By Phil Wahba and Nadia Damouni
Jan 22 Carl Icahn has taken a stake in eBay Inc
and is proposing a spin-off of the its fast-growing
PayPal division, but the e-commerce giant rebuffed the overture,
setting the stage for a potential battle with the activist
EBay, which bought PayPal for $1.5 billion in 2002 and has
considered hiving off the multibillion-dollar payments service,
argued on Wednesday that the business would lose synergies with
the overall e-commerce business as an independent unit.
"First, eBay accelerates PayPal's success. Second, eBay data
makes PayPal smarter. And third, eBay funds PayPal's growth,"
Chief Executive John Donahoe told analysts on a post-results
Some analysts, however, said that operating as a separate
entity would encourage other online retailers to adopt the
service and help retain key executives, with a spinoff that
could unlock the value of a service that grew 19 percent during
the holiday quarter.
Shares of eBay, which also reported earnings per share a
penny above Wall Street expectations, jumped as much as 12
percent. The stock was up 7 percent at $54.41 after hours.
Donahoe said he had heard Icahn out but rejected his
proposal. He added that the company intended to step up
investments to safeguard the market position of the thriving
payments service, which may exert pressure on margins.
Donahoe told Reuters in an interview on Wednesday that his
company started seeking advice from its financial adviser,
Goldman Sachs, five days ago, following Icahn's letter to eBay.
Icahn's proposal comes as the billionaire investor is urging
Apple Inc to share more of its $146 billion cash pile
with shareholders. The activist is demanding Apple do an
additional $50 billion in share buybacks, which the company is
advising shareholders to reject.
Icahn did not respond to requests for comment.
"I expect it to be a battle," BGC Partners analyst Colin
Gillis said, citing eBay's longstanding opposition to a PayPal
spinoff. "One of the reasons for that is because for commerce
and payments, you need to remove as much friction from those two
systems as possible. If you separate it out, you put more
friction between" them.
PayPal started life as an independent company, founded in
the late 1990s by technology entrepreneurs including venture
capital investor Peter Thiel.
PayPal battled with eBay for supremacy in the then-emerging
online payments market. But soon after it went public in 2002,
eBay acquired PayPal for $1.5 billion. Today, its growth
outpaces the rest of the company and it accounts for a large
chunk of eBay's overall stock market value.
The unit has been a key driver of eBay's share value, as the
company struggles to compete with larger rival Amazon.com Inc
Analysts have estimated that PayPal, which already yields 40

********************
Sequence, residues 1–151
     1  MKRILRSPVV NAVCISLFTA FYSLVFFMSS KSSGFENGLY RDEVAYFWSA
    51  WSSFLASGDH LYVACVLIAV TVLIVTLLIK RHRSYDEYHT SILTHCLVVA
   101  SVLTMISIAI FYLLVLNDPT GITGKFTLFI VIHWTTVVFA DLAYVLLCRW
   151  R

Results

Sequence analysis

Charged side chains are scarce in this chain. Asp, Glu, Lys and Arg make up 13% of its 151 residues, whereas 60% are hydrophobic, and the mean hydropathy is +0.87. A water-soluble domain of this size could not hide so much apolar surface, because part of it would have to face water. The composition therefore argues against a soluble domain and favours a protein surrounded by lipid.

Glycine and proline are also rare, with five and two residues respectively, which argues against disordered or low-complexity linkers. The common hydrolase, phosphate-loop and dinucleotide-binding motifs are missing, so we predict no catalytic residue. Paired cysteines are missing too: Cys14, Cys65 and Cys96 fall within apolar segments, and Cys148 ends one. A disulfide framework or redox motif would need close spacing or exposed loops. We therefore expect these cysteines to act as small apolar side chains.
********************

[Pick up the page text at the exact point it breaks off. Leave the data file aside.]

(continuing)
percent of the company's revenue, may account for as much as
half of the corporation's market value, which now stands at
about $70 billion.
Icahn is known for decades of strong-arm tactics including
proxy fights against major corporations. This month, he bought
shares and derivatives giving him a 0.8 percent economic
interest in eBay, and also nominated two of his employees to the
eBay board. Those employees were not identified.
"Our directors have deep experience in the technology and
financial services sectors, and a track record of value
creation. This is the standard by which all future candidates
will be assessed," Donahoe said on the call.
The eBay board includes prominent Silicon Valley venture
capitalist Marc Andreessen, Ford Motor Co Executive
Chairman William Ford Jr., and eBay founder Pierre Omidyar.
Donahoe, who spoke briefly to Icahn last week, told Reuters
that he did not know Icahn's nominees and that the activist
investor had not put forth any other proposals.
Revenue at eBay's PayPal division rose 19 percent during the
holiday quarter, fueled by the growing use of mobile phones to
shop. PayPal's total payments volume, a gauge of how much it is
used to complete a transaction, rose 25 percent to $180 billion
worth of transactions.
Companywide, revenue rose 13.5 percent to $4.53 billion for
the quarter ended Dec. 31.
For 2014, eBay forecast revenue of between $18 billion and
$18.5 billion, while analysts expected a forecast of $18.5
billion, according to Thomson Reuters I/B/E/S.
Net income for the fourth quarter was $850 million, or 65
cents a share, up from $751 million, or 57 cents a share, a year
earlier. Excluding some items, eBay earned 81 cents per share, a
penny better than expected.
On Wednesday, the company also said it had authorized an
additional $5 billion in stock buybacks.